When Planning staff recommends approval of projects that come before us, they do so because the projects are consistent with, supported and even impelled by our General Plan and Zoning. Our planning staff as professionals render their best, unbiased objective views when informing as policy makers in the exercise of our independent judgment in coming to a decision.
Sadly, many in the public neither knows nor appreciates the independent role our City staff performs. Some of our residents instead believe that staff, Planning Commissions or Councils are simply biased towards development merely to fill our City’s coffers with new revenue, or worse, we are lining our own pockets. In my experience concerning the City, that is not true. And in my own case, that is categorically not true.
The question for me on Planning Commission or Council has never been whether we are saying yes or no to developers; instead, the question for us is whether, in exercising our independent judgment, a project recommended by staff fits within our General Plan, Zoning and satisfies environmental review under CEQA. If we decide to deny a project, however well-intentioned and responsive to the heartfelt concerns of our residents, our decision must be based on something more than a desire to stop or slow development. If we disagree with a staff recommendation for project approval, then the burden shifts to us to articulate defensible and lawful findings anchored in our General Plan, Zoning or CEQA to justify our rejection of a project. For example, State law prohibits cities to deny projects based on impacts on student enrollment in our schools. If we were to deny a project explicitly on that basis alone, and we were sued, our decision would be overturned in court.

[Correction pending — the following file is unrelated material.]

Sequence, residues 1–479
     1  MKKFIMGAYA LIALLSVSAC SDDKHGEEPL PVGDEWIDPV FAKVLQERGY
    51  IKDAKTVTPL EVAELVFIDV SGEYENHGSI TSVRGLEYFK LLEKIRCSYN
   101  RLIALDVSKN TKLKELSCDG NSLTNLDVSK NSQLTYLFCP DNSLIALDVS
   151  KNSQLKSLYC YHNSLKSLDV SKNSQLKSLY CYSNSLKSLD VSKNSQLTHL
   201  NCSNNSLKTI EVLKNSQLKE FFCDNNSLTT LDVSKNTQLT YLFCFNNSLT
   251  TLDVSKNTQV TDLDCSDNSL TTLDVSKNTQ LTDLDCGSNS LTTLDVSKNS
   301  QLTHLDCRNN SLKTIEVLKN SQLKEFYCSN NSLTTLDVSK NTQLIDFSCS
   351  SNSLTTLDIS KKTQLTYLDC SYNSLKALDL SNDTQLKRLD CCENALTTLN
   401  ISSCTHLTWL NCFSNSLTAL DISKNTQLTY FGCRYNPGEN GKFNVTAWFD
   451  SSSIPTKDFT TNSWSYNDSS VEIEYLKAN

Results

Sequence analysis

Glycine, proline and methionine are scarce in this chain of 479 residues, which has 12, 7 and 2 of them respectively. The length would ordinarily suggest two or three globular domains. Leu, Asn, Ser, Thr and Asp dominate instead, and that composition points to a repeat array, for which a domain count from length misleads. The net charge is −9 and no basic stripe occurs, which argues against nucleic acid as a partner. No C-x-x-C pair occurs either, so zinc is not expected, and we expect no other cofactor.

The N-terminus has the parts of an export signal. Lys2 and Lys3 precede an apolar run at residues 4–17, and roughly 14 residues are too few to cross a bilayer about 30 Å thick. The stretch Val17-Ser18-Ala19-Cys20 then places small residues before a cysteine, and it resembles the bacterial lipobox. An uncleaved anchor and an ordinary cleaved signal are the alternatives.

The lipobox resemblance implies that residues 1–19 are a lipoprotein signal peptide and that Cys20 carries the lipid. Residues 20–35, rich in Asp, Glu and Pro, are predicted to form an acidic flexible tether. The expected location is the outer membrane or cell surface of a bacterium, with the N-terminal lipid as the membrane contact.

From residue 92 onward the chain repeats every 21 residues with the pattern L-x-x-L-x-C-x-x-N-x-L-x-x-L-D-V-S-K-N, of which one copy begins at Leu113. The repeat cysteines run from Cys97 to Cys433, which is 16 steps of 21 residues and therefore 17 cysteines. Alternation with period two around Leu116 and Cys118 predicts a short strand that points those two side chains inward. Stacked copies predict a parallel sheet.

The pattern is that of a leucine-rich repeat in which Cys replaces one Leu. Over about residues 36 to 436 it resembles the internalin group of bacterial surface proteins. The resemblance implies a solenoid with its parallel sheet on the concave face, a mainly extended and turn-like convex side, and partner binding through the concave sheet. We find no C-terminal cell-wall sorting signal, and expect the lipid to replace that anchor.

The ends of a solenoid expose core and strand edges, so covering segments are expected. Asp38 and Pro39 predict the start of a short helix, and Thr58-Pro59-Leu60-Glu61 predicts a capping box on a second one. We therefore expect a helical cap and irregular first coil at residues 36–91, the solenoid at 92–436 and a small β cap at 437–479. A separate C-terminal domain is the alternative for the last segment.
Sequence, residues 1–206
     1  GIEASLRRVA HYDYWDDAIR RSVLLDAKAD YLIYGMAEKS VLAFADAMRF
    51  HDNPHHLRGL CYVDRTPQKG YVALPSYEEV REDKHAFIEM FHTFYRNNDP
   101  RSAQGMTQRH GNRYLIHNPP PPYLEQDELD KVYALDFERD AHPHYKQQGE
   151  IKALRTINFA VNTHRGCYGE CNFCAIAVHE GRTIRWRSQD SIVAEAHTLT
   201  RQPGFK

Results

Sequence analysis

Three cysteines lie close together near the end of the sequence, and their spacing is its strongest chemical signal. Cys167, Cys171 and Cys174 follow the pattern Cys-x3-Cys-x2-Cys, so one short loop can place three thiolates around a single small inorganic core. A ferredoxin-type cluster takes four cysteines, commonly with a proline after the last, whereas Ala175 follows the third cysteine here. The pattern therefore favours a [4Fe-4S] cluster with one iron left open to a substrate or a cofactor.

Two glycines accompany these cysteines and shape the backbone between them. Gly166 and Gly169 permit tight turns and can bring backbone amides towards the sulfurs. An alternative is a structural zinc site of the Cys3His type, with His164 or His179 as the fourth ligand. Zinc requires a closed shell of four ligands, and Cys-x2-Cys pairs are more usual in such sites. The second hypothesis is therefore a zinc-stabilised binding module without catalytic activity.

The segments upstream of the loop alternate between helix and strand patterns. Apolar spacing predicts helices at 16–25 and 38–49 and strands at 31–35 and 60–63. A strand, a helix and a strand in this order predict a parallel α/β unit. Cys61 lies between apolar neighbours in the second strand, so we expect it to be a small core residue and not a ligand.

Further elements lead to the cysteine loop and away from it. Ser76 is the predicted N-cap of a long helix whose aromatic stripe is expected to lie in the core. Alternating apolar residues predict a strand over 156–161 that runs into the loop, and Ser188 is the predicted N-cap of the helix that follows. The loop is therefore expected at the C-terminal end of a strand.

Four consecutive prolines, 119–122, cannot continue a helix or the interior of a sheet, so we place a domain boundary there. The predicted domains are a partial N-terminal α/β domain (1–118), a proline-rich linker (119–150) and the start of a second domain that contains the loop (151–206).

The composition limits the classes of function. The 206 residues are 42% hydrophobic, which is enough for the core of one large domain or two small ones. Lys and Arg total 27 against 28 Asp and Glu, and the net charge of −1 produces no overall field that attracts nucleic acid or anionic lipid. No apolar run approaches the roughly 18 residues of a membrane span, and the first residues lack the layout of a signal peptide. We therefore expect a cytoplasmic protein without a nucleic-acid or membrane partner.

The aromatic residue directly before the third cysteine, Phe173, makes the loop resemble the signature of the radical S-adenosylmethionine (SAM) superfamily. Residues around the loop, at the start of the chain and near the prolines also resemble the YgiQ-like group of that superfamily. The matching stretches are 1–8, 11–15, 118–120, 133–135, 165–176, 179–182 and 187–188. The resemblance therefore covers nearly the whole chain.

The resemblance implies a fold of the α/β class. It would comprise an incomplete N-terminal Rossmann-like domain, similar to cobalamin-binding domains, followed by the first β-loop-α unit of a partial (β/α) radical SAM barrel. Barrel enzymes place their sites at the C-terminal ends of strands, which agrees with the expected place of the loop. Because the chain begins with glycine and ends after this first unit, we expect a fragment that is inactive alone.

Before voting, I would always listen carefully to my neighbors who sometimes spoke in favor (but more often against) a project. After this election, some of the most heartwarming comments have come from current and former residents who appeared before me on the Planning Commission or City Council who appreciated how carefully I listened to them when they spoke.
At all times I have been independent and exercised my independent judgment. If a project conformed to the General Plan and Zoning, I would express my independence by adding conditions to project approvals, many times over either staff or applicant objection. I have also voted no to residential and mixed use developments and retail.
While on the Planning Commission, I was proud of being the lone vote on either the Commission or Council to oppose Dick’s Sporting Goods moving into Pacific Commons. We were expressly asked to approve a condition to allow more gun sales in our community by Dick’s - a condition I could not support. I was gratified years later to see Dick’s make the corporate decision to ban gun sales from all of its stores after the Parkland high school mass shooting.
Staff in another instance recommended that the Planning Commission approve a conditional use permit for the Haze Smoke Shop on Grimmer Boulevard that would sell drug paraphernalia. I took the matter off the consent calendar and led a unanimous Planning Commission to overturn staff recommendation and deny the permit as it was too close to two of our high schools. The smoke shop applicant appealed to the City Council. While the Council approved the smoke shop, the smoke shop owner eventually was forced to shut down because the store was caught selling drug paraphernalia to under-age minors.